Here’s what the fall semester looks like for me:

About a post a week, a lot of different ideas, space to think and write about my thinking, and none of this counts all the time I have to watch Hallmark Christmas Movies and post about them.

Here’s what the spring semester looks like for me:

I hate the spring semester. The spring semester, every year, can go to hell.

It’s unfair to blame this term, which is busy because I teach an actual class while directing the program, as opposed to teaching the directed study theses courses I do with 5 students over the course of the fall, itself the same amount of work-hours as an actual class of 10 students, but far more blissful and easygoing and pleasurable in the one-on-one format. Plus the long list of directing duties that for boring reasons fall on this semester to do, and I won’t bore you with it all, because, like I said, it’s not all this semester’s fault. I should also blame my writing.

I wrote a lot last year, nearly 50,000 words of the second half of my memoir, and it was chiefly capturing work. I had to put memories and old feelings into words, often for the first time, and while it had its challenges—I’m not yet convinced this book is even readable, much less publishable—they were challenges of persistence. I had to just keep going.

Since January I’ve been writing an essay about something I’ve only told my therapist about, and my partner, and on top of the same persistence against shame and self-loathing, it’s taken a lot of attention-work. I’ve had to think really hard about what all of this means, and how to write about it in a way that doesn’t make people hate me, and knowing how little time I’m able to put to my writing, and how scant the energy I can give it after all the shitwork of spring, I haven’t thought a lick about this blog.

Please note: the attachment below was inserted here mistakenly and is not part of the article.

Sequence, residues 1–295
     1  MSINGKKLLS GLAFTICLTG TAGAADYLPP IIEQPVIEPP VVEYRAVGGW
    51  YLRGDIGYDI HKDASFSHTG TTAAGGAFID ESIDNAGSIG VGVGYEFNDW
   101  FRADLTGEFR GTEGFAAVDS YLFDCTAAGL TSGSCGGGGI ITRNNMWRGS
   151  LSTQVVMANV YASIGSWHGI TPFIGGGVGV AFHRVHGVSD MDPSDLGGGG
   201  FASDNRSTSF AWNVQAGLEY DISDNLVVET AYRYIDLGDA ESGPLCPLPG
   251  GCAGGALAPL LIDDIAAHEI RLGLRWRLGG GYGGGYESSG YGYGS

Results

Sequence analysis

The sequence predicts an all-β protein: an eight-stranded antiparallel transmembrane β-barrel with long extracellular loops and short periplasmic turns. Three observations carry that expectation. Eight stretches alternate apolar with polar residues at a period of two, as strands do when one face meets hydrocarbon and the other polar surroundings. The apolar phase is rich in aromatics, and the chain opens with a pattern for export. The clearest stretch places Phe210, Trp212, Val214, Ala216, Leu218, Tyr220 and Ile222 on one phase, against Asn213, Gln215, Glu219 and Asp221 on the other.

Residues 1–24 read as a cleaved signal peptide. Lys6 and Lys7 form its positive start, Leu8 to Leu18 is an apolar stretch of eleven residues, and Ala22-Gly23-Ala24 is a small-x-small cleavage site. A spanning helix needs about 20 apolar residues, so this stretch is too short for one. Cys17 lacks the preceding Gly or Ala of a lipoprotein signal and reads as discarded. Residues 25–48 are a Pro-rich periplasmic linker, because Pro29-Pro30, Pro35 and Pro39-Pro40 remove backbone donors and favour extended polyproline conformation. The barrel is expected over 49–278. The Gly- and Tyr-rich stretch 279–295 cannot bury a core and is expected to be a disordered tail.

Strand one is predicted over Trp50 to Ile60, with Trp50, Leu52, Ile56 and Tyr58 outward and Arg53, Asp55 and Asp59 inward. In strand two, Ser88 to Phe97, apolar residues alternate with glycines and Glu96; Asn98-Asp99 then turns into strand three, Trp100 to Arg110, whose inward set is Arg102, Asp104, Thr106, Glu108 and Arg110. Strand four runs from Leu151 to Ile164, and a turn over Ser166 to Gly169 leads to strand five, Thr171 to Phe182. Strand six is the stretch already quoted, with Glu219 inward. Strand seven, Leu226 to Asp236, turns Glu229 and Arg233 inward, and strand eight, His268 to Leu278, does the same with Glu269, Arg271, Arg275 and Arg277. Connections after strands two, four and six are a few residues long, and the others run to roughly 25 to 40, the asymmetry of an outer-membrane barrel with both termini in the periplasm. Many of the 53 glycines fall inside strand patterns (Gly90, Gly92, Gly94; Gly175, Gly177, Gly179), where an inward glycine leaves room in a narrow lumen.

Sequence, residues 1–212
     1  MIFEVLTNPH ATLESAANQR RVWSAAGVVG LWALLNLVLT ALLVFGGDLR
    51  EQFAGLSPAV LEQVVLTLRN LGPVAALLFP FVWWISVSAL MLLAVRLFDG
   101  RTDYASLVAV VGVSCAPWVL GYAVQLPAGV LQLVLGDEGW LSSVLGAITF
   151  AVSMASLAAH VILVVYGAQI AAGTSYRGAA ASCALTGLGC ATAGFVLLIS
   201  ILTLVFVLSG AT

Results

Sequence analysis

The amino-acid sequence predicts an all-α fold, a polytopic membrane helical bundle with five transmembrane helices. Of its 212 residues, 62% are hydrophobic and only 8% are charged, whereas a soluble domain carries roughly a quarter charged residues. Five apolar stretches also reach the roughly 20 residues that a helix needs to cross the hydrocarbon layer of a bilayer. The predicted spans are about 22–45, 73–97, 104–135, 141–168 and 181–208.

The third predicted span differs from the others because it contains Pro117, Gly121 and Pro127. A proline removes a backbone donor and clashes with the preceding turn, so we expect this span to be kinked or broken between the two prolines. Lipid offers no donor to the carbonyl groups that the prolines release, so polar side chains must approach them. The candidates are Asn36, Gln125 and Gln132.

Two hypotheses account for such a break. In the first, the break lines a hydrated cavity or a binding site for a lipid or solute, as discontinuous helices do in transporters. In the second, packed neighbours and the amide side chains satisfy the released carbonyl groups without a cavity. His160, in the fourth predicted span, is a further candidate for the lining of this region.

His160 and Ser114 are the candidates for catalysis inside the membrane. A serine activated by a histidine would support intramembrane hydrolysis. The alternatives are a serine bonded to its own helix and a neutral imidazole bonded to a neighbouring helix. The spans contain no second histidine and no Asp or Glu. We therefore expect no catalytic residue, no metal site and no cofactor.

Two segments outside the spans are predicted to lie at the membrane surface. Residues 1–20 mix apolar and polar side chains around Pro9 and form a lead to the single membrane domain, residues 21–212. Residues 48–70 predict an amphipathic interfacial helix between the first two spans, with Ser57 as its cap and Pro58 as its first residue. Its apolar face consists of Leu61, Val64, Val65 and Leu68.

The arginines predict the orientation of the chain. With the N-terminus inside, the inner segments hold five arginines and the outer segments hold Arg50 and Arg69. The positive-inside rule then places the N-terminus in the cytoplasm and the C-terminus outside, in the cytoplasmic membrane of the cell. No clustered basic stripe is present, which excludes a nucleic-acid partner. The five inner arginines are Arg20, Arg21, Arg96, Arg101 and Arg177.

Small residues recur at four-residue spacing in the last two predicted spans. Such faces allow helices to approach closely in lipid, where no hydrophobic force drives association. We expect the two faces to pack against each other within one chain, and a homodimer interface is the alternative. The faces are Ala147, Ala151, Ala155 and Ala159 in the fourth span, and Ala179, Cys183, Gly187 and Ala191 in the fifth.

It paid off. I finished the draft this morning. I think it’s going to be good, but I always think that of a new thing. Then the publishing process comes….

The other day, my phone did something such that Instagram stopped working. I forced quit it, nothing. I restarted my phone, nothing. So I uninstalled it, and then realized I didn’t have to reinstall it. Months ago, I logged out of Twitter on my phone’s web browser, and as I use strong, cryptic passwords through LastPass, and now that LastPass only works on my laptop, I don’t know how to log back in again on my phone.

Old habits die hard. Today in the library I walked past this book, and I took this photo:

I realized my caption would be, “Sure, Alva,” but I had nowhere to post it.

Except here. Would anyone see anything I put up here without social media directing them over here? Is that a gift for what I might do with this space?

Before the spring semester burst like a water main in the basement of my pandemic life, I’d had the idea of writing a newsletter, delivering this blog to people’s inboxes, but then I stopped being able to see what pleasure would lie in that. 2021 has so far been about a drop in my satisfaction when writing things that don’t matter.

But also, two wonderful things happened to me this year. One is that I discovered 70’s/80’s San Francisco synthpunk band the Units. They aren’t well known, but if they’re known they’re known for this perfect song:

I’ve written about this before, how some bands match the ongoing sounds that run in your head all the time, and how mine seem to be the asynchronous chewings of a hive full of bees. Constant busyness. That’s this song. I feel grateful to get to spend the second half of my life with it buzzing in me.

The other wonderful thing is that Neal and I have signed a lease on a 3-story townhome that will provide us with a laundry room, a second toilet, a guest bedroom, and a dining room where I can actually sit and write in a room that’s not The One Room We Always Sit In Every Day. For seven years we’ve been convinced that we’d never be able to live in what I still think of as an adult home, and then rents dropped because enough people think this city’s top selling point is its proximity to Silicon Valley. So not every part of this pandemic has been a dank basement.

See you in 4 months, then?